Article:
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Old 03-10-14, 08:02   #1
 
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New Zealand PhOtOs-Australian PM Responds to Burqa Ban Call

'Tony Abbott's Budgie Smugglers are Confronting... But We're not Calling for them to be Banned':
-Muslim Women Respond to Burqa Ban Call... and Explain Why Some Women Find the Face Covering 'Liberating'

  • Muslim community responds to burqa debate with quip about Tony Abbott's Speedos
  • Mr Abbott has backed down on a plan to place Muslim visitors to Parliament in a glass enclosure
  • Leader says: 'If you want to dress down, or dress up, we should all be able to do it'
  • The burqa has often been confused with the niqab
  • As the debate rages, Australian Muslims prepare for important celebration
By Daily Mail UK, 3 October 2014


Tony Abbott's budgie smugglers are 'confronting' - but we're not calling for them to be banned.

That is the common refrain of the Islamic community to fierce calls for the burqa to be outlawed.
The joke is told by community leaders such as Mariam Veiszadeh, by Muslims on the streets of south-west Sydney and is the subject of a widely shared meme on Facebook.
'It's a light hearted way of making the point.... if you want to dress down or dress up we should all be able to do it,' Ms Veiszadeh told Daily Mail Australia on Friday.





Budgies: Tony Abbott's choice of swimwear has been labelled 'confronting' by Islamic community leaders.











Controversial. but rare: For a brief moment, people who wear the niqab, pictured above, were to sit in a glass enclosure if they watched parliamentary proceedings. Prime Minister Tony Abbott, centre, has kyboshed the plan.








Female leaders: Both Mariam Veiszadeh and Maha Abdo wear the hijab, rather than the niqab. Ms Veiszadeh has joked she finds Mr Abbott's budgie smugglers 'confronting' but would defend his right to wear it.



Quote:
THE DIFFERENT KINDS OF ISLAMIC DRESS





The hijab

A head scarf which covers both the hair and the neck with cloth.
The hijab, often accompanied with modest clothing, is the most popular form of dress for Islamic women in Australia.




The niqab.


Niqab

A full body Islamic dress that covers the entire face except for the eyes.
Only a 'tiny minority' of Islamic women in Australia wear it, but it is more popular than the burka.




The burqa.

Burqa:

Full body Islamic dress which covers the entire face. The face is covered with by a mesh grill. It is very rare in Australia.
Information courtesy of Mariam Veiszadeh


The burqa debate - fuelled by conservative senators' calls and Prime Minister Tony Abbott's comment he finds the face-covering 'confronting' and 'wishes it was not worn' - has frustrated the country's Muslim community, who say only a tiny minority of women wear the full face covering anyway.

For a brief moment on Thursday, there was even a plan to keep Muslim visitors who wanted to watch proceedings at Parliament House in a glass enclosure.
The plan was quashed late last night by Prime Minister Tony Abbott, following community uproar and backlash from members of his own party.

Islamic community leaders told Daily Mail Australia they are sick of the burqa (a form of dress where the face is covered by a mesh grill) being confused with the niqab, a more popular dress where the face is covered but the eyes are not.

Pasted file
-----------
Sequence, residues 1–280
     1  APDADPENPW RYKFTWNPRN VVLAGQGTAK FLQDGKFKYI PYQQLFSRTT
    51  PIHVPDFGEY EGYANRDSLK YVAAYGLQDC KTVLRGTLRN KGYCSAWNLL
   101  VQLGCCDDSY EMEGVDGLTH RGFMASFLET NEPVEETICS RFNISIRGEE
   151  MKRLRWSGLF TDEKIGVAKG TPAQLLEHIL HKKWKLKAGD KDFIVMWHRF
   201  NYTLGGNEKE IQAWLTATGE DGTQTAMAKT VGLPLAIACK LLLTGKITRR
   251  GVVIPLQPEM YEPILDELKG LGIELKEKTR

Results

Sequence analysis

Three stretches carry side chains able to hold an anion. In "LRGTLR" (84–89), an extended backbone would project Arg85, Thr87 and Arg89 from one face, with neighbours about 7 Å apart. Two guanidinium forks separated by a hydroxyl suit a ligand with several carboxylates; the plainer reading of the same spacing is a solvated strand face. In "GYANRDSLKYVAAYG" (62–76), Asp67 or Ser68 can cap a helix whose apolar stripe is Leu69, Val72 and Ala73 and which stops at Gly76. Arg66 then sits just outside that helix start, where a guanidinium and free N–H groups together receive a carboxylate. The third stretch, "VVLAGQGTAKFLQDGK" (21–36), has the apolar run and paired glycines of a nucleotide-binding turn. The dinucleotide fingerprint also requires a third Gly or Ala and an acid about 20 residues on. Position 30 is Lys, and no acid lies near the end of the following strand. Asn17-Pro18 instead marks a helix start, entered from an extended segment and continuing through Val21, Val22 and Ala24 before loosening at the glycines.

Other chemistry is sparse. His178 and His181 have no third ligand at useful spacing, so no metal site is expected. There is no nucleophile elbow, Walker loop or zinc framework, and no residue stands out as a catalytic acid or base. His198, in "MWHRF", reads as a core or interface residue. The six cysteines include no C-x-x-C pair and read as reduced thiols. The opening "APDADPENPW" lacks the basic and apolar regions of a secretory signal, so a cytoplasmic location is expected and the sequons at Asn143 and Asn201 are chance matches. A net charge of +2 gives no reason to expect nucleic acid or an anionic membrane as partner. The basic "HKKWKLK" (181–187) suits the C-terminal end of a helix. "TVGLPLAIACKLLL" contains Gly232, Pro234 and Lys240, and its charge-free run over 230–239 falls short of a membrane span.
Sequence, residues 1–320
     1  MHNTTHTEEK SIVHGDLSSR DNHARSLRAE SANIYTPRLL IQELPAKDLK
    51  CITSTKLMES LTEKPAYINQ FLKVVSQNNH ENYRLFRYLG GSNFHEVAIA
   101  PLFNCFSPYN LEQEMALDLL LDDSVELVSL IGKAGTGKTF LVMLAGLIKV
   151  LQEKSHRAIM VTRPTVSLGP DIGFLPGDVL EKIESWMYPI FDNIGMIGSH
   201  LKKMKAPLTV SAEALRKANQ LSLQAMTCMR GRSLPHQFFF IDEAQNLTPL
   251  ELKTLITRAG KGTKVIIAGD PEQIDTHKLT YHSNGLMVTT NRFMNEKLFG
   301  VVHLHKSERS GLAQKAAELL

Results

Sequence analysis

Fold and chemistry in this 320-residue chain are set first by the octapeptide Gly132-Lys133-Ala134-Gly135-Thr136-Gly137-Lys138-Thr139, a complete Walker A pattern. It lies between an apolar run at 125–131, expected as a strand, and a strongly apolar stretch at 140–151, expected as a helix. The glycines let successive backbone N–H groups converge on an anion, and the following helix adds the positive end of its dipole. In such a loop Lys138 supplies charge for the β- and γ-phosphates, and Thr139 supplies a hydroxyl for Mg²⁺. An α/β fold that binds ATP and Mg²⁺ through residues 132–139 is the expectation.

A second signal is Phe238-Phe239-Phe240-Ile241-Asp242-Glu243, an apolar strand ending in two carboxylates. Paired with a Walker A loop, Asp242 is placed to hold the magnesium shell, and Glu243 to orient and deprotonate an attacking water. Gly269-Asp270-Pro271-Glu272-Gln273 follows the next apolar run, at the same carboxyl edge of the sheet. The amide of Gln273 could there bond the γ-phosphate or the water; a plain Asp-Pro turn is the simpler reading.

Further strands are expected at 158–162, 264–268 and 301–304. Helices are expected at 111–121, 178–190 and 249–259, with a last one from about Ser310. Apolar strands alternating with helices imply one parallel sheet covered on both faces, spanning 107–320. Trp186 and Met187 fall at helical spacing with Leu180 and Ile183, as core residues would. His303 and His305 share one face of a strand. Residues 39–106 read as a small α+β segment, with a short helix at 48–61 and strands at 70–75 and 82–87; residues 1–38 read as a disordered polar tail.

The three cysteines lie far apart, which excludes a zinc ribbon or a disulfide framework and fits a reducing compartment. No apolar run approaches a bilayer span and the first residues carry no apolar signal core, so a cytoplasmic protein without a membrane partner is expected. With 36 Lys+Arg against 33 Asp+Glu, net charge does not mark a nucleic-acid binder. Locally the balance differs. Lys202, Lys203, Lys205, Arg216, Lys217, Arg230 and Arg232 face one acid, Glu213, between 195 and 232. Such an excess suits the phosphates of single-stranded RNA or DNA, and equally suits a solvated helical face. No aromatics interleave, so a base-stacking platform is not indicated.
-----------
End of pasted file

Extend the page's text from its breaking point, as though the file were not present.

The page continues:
'It (the burqa) is not common,' Ms Veiszadeh said. And while there are no reliable statistics, 'only a tiny minority' of Australian Muslim women wear the niqab, she said.
A number of Muslim women told Daily Mail Australia that Australians who wear the niqab find it liberating, rather than oppressive, as critics have said.

'It's an amazing feeling of freedom,' said Maha Abdo, the executive officer of the Muslim Women's Association.
'You can see clearly, but no one can see you.'

Ms Abdo chose to start wearing a hijab 30 years ago, but she has worn a niqab while spending time overseas.
She said her headscarf reminds her of her spirituality.
'For me it's a reminder of my own purpose in this life and how to be the best that I can be,' she told Daily Mail Australia.

Mary Succati, who sells Islamic clothing to women at a store in Greenacre, in south-west Sydney, agreed that the handful of people she knows who wear the niqab found the experience rewarding.
'They're not perceived as oppressed - they feel liberated,' she told Daily Mail Australia.

The furious debate is occurring at a time of celebration for many Muslims.
The Eid Festival, one of the most important dates in the religious calendar, will be held over the long weekend, concurrent with the Hajj pilgrimage to Mecca.
Friday was the busiest day of the year at Ms Succati's store for Islamic women in Greenacre, in Sydney's south-west.





Ms Succati's store in Greenacre has been bustling this week as Eid approaches.





All types of clothing: Shop owner Mary Succati, who sells Islamic clothing in Greenacre, in Sydney's south-west.





Shopping: Floral prints are the theme of the season at Ms Succati's store in Greenacre.




Busy day: With Eid celebrations occurring at the weekend, Ms Succati's Greenacre store was packed with people.


Her small shop was crowded with women buying new clothes for Eid. Ms Succati, who wears a hijab, was planning to keep her store open until midnight.
She does not sell niqabs in her store, but many women in niqabs come in to buy clothing for their children.
The fashion of the season? 'There's a lot of floral at the moment,' Ms Succati said, with customers ditching drab winter clothing for more colourful, but still modest, spring wear.

It will be a big weekend for another reason in Greenacre, though.
The Bulldogs are facing off with South Sydney in the NRL Grand Final at ANZ Stadium on Sunday.

Ms Succati's staff, avid Bulldogs supporters who insisted her store be decked out in blue and white, will be watching.
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